We’re doing some fiberglass repair on the jet boat and we’ll show you the steps we took. The seat mounting locations on the boat were weak. The mounting location was built with wood and a thin layer of fiberglass was applied over the wood. The wood and fiberglass together made a strong surface. However, through the years the wood rotted and lost the strength the wood provided. I did not want to start completely over and remove the fiberglass and build the wood frame, so I decided to beef the mounting location up using only fiberglass for it’s strength. I don’t know if this is the recommended procedure to do this, but it’s what I decided to do.
There are different types of fiberglass, but I am using the same resin based products that I have used to repair cars. There is also an epoxy based product for fiberglass, but I thought I better stick to what I know. Plus I know the resin based fiberglass is very strong and waterproof.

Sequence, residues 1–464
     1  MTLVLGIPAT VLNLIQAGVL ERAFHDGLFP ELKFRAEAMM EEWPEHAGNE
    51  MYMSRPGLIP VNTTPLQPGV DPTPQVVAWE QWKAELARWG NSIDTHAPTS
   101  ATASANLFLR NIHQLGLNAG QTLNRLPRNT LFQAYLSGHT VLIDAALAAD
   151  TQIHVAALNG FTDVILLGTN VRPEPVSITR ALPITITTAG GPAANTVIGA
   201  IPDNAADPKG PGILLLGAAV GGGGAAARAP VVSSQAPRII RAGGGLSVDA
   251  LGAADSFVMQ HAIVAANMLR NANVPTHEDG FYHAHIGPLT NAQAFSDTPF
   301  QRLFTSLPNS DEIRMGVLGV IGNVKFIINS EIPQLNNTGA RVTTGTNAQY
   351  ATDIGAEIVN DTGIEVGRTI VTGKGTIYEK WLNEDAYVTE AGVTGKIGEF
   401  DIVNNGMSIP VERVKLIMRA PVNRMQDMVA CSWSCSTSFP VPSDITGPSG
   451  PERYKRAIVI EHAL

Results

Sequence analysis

In the video I will demonstrate the steps I took to repair the boat floor.
Repairing a damaged auto part will use a similar approach, but the focus will only be on the damaged area…not building additional strength to the part. Therefore, a damaged car part will not require as much of the fiberglass or resin.
Below are the products I ordered and used.
WARNING ABOUT FIBERGLASS
Before we start the repair process, I would like to caution you of the health hazards when working with fiberglass. When fiberglass is sanded, the fiberglass dust becomes airborne, which can end up in your lungs. Proper personal protective equipment (PPE) should alway be worn when sanding. Fiberglass brings additional things to consider. If you breath fiberglass particles in, it can cause health problems. If the fiberglass particles get on your skin, it can irritate your skin and cause you to itch or may even cause a rash.